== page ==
The admin office stood among a cluster of newly planted palm trees buttressed by 2×4’s. Inside, we met David, our crew boss who was in his late 20’s and always had a Styrofoam coffee cup in his hand, who gabbled and fast-walked us to a swimming pool.

“We got simple rules. Do as I say. If you don’t have something to do, find me. Don’t stare at the guests.” He halted at the pool gate. “Especially at the pool. We had guest punch out a server for staring at his wife’s rack too long.”

David tasked us with breaking down a kid’s birthday party and setting up poolside tables and chairs.

With the pool job completed, David sent us to a banquet room to set up tables and chairs for a sports shoe trade show after-party. The fresh vinyl cologne of new sneakers insulted my Payless sneakers with duct tape patching the hole in the sole.

At lunch break, I couldn’t afford the employee menu at the snack bar, so I ate my warm process cheese sandwich and Lance peanuts. The meal barely replaced the spent calories, so I held a dim hope that I’d get kitchen work, where I could sneak some bites of food. And for the second time that week, fortune smirked at me.

David passed us to the banquet boss, Frank, who assigned us to the dishwashing room, a steaming chamber of white tile and dull stainless steel. The permanent dishwasher, a tall, elderly Black man introduced himself. “I’m Robert Johnson, not the one who made a deal with the Devil. Now y’all don’t grab any food from the kitchen, because they’ll probably be leftovers later. Y’all might get lucky. I hear the rich folks are partying it up tonight.”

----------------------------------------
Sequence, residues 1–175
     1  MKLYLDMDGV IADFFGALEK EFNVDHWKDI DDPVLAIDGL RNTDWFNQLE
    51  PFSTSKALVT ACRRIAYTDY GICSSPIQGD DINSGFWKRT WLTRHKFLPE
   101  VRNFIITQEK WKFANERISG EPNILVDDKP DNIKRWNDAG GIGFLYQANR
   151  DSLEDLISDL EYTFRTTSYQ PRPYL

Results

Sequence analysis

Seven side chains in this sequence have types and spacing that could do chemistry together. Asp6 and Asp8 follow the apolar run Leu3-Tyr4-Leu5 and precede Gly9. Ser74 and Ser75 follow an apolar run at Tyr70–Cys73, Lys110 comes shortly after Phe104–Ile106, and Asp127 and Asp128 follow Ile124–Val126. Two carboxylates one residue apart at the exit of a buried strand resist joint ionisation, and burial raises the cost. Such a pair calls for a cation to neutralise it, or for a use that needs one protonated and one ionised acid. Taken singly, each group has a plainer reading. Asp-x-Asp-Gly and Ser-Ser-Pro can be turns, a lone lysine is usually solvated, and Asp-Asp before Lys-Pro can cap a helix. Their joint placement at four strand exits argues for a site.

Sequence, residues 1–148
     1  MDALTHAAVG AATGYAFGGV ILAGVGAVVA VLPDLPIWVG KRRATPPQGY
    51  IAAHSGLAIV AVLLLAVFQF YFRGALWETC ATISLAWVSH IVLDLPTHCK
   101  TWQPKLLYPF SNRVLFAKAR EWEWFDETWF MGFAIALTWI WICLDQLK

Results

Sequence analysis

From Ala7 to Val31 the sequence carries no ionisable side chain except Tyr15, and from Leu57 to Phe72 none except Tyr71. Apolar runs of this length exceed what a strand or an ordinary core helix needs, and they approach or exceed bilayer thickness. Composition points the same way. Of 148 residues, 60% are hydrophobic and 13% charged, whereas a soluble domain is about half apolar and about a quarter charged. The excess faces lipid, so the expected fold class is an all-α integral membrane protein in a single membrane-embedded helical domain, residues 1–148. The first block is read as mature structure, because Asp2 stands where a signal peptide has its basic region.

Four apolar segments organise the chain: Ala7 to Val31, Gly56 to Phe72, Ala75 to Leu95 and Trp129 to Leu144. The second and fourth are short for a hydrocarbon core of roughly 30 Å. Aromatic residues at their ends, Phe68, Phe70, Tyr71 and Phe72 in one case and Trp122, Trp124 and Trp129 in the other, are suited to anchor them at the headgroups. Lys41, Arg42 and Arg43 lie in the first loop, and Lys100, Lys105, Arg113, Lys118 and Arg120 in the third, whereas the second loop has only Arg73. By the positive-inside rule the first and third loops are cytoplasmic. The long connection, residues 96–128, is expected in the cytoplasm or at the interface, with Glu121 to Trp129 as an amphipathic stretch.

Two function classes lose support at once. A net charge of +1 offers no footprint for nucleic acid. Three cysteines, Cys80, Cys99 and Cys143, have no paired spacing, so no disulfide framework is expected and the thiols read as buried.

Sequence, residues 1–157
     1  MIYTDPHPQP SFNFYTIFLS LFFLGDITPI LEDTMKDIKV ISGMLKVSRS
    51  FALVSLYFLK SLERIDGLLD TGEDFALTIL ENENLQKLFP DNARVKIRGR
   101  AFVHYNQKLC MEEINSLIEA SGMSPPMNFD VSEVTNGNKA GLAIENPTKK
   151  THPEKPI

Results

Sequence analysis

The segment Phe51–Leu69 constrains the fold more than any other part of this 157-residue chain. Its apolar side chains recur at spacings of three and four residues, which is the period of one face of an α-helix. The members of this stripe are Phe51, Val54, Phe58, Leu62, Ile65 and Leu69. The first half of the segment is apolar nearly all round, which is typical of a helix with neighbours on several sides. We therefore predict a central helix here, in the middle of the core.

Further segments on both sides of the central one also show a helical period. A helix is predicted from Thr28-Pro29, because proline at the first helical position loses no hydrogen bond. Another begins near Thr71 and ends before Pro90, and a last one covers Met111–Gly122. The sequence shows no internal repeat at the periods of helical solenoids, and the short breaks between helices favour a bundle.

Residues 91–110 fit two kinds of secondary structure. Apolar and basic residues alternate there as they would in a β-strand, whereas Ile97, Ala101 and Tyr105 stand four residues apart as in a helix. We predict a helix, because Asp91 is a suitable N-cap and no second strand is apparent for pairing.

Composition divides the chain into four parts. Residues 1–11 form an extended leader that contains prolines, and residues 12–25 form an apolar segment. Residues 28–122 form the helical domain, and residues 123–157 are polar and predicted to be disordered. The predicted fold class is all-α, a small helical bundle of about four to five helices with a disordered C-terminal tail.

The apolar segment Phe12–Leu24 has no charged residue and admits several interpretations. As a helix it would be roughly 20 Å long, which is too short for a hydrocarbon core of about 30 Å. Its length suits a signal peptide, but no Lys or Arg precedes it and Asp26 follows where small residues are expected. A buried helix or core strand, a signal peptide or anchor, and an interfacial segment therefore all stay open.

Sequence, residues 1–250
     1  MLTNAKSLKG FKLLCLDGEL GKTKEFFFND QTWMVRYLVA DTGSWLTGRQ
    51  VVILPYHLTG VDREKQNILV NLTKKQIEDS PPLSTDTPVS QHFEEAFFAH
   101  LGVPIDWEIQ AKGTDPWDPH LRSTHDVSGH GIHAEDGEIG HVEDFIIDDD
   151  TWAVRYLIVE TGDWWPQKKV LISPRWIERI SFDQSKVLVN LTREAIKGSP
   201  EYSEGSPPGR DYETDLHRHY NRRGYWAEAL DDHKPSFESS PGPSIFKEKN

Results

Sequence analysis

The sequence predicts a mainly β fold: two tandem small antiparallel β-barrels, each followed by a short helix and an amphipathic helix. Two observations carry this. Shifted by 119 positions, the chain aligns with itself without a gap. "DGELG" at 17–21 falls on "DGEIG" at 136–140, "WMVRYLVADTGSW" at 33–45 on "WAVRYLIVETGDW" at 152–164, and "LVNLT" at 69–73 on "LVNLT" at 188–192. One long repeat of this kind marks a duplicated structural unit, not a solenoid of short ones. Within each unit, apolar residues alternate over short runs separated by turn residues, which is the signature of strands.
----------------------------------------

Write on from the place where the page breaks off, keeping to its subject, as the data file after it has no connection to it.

Robert assigned another temp and me to unload the bus tub carts and scrape the dishes. The next man rinsed the dishes, loaded the dish racks and fed them to the into the dish machine’s steaming maw. A train of three-tiered metal carts arrived overflowing with dishes and silverware and times; it took two of us to haul them. Two hours under the near-deafening clatter of dishes, my hunger resisted the stomach-turning stench of decaying meat and vegetables.

To our relief, the bus carts arrived overflowing with chafing dishes and banquet platters, signaling the end of the party. Frank sent us to the party tent to break down tables, chairs, and banquet ware. A long party tent abutted the kitchen’s service entrance and stretched the length of the golf green, the sand traps shined like porcelain disks under lithium lights. The muggy weather was a touch better than the noise and fug of the dish room. The band onstage packed up their instruments, ice sculptures dribbled, people lingered at the bar.

I pieced together intel about the party from nuggets of server banter. The fete was a charity event, and the guest of honor was retired General Norman “Stormin’” Schwarzkopf of Desert Storm repute. Settled into retirement, he held court at the bar with a covey of admirers men, talking and intermittently sipping his drink and toking a cigar. His new uniform was a short-sleeved cabana shirt, dock shoes, and a relaxed mien of accomplishment and earned rest. Transfixed by the general’s presence, a gamey smell caught my attention.

I wondered how I missed it, its blackened tusks and heat seared eyelids. The stripped carcass of a boar lay on its belly on a bed of wilting lettuce on a table not far from me. It was a medium as boars went, about 200 pounds, and mostly stripped bare of its flesh. The sight made my gut seize, first out of disgust, then out of hunger when I noticed healthy bits of flesh clinging to its bones.